Recess: Why It Is Important For Social Emotional Learning
Author: Tara West
February 15, 2019
Recess is an integral part of an elementary student’s day. It provides physical activity, social connections, and problem-solving situations for students. It is part of the foundation of social-emotional learning. And according to the third-grade students I recently surveyed, recess is the best part of their school day.
During this favorite time of day, students put aside academics for a moment and engage with one another. I’ve seen friendships blossom, games invented, and smiling faces enjoying the fresh air. I’ve also seen challenges and problems arise among students for various reasons. But that is a good thing. It is from these challenges and problems that students are able to problem-solve or work together to come to a resolution.
Habit 1—Circle of Control
Habit 1 is Be Proactive®. It’s realizing you are in charge of your life; you are responsible for your own choices and behaviors; you can choose how to react to other people and situations. The “Circle of Control” is a model that is meant to help people reflect on their decisions and behaviors as well as other people’s decisions and behaviors. It’s a visual diagram meant to display what is within your control and what isn’t. This habit was vital in helping my third-grader understand actions that are in her control and actions that aren’t. Let’s take a look.
Recess: Circle of Influence®
My third-grader, Hannah, personally likes to spend her time running around the track. Recess, however, wasn’t always a pleasant time for her. She would come home upset, actually in full meltdown mode, because of “drama” on the playground. The first few days I simply told her to “work it out” and “there is nothing I can do.” Surprisingly, this advice did not help her resolve the problem. So I figured another approach was necessary to help her. I sat down with her after school one day and asked her to explain what was going on. As Hannah was filling me in, I noticed she was using phrases like “She is MAKING me play this game,” and “She tells me what I HAVE to do.” Aha! There is was. Our conversation then went something like this:
Me: “Why do you feel like you have to play that game with her at recess?”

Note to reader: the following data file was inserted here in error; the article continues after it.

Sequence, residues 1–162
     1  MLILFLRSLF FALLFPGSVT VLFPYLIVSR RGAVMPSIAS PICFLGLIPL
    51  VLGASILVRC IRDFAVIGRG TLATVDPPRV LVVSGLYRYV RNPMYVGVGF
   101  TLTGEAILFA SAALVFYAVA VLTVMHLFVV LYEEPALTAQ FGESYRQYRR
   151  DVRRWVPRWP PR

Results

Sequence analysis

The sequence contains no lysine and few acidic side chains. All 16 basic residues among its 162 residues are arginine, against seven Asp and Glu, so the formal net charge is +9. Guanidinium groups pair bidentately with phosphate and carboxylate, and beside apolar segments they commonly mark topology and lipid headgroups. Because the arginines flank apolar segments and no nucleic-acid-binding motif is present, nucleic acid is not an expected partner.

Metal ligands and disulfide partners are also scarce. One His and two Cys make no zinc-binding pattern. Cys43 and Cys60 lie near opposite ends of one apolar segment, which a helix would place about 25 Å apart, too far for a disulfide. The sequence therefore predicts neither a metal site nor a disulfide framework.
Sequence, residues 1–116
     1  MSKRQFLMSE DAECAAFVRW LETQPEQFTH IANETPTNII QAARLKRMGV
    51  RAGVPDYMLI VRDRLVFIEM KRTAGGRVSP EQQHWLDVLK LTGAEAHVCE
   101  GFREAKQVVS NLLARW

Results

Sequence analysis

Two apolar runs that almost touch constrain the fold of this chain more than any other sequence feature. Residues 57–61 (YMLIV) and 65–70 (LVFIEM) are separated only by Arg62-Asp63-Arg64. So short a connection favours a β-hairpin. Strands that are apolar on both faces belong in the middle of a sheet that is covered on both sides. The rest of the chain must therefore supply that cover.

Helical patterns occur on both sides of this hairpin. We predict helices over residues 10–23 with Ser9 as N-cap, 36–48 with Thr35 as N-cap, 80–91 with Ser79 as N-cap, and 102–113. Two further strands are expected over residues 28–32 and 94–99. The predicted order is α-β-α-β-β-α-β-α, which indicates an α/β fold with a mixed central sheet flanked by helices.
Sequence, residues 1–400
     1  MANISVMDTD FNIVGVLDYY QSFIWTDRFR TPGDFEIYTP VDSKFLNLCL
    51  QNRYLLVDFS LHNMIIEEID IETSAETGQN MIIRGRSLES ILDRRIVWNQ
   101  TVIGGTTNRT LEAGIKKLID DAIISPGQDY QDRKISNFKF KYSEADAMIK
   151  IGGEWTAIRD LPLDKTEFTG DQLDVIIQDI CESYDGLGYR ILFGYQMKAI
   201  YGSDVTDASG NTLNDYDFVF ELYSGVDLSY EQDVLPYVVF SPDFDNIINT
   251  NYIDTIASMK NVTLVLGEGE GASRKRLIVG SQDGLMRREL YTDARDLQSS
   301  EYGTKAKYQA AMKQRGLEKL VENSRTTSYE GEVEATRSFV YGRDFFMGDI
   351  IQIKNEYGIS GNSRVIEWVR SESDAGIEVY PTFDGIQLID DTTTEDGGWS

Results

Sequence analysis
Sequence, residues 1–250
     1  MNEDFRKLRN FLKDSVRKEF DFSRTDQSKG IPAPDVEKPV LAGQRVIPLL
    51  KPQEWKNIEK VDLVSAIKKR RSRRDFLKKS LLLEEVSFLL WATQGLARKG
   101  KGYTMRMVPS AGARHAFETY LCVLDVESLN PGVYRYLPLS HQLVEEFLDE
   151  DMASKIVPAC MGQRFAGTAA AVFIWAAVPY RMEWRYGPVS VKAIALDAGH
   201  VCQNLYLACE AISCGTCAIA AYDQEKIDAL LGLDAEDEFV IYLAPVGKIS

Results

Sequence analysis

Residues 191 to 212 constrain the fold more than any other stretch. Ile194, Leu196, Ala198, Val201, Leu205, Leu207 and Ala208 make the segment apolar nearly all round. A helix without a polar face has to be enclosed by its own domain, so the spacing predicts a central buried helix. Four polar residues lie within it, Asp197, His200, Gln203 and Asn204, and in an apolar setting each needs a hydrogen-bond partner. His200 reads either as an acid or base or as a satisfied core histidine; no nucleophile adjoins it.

Hannah: “She won’t be my friend anymore if I don’t.”
Me: “Is that your choice or hers?”
Me: “Right, and what choices do YOU have in the situation?”
Hannah: “I guess I don’t really have to play the game.”
Me: “Right again, you always have a choice. You can always choose whom to play with and what you want to do at recess. Do you want to make a plan of what to say and do if it happens again?”
Me: “Okay, what is something you can do instead of playing that game?”
Hannah: “I can run the track.”
Me: “Great idea! Do you think if you told her you wanted the run the track, then invited her to come with you, that would be a nice way to tell her you want to do something else?”
Hannah: “Yes. What if she says no?”
Me: “It’s okay if she does; she can choose her actions, just like you can choose yours. You can still be friends and do different activities.”
This time the outcome was much more positive. Sure enough, a few days later the friend told Hannah she HAD to play the game. Hannah did just as we had planned and invited her to run the track. The friend didn’t want to and that was that. However, there was another girl in the group who did not want to play the game either and asked Hannah if she could run with her. That day Hannah’s Circle of Influence grew not only for herself, but with her friends. It was a great lesson for all of us.
The recess situation was the start of many conversations in our home about what we personally have control over and what we don’t. It has extended into multiple aspects of our family life. Instead of saying, “Clean your room or you’re not playing with friends, I try to use phrases like, “If you choose not to clean your room, you are choosing not to play with your friends.” I also try to reinforce positive choices my kids make. It takes practice to notice the positive choices, but it is well worth it. I have noticed, especially at dinnertime, if I say thank you to my kids for choosing to try new food, they are more apt to try more. By allowing my kids more chances to choose for themselves, my husband and I are finding that trust is being built with each decision. The kids are learning that when they make good choices, there are rewards. As parents, we are learning that our kids want to do the right thing, and when given the chance, will make that choice. By giving them the chance to make choices with limited consequences now, we are proactively setting them up to make better decisions with bigger, more consequential choices in the future.
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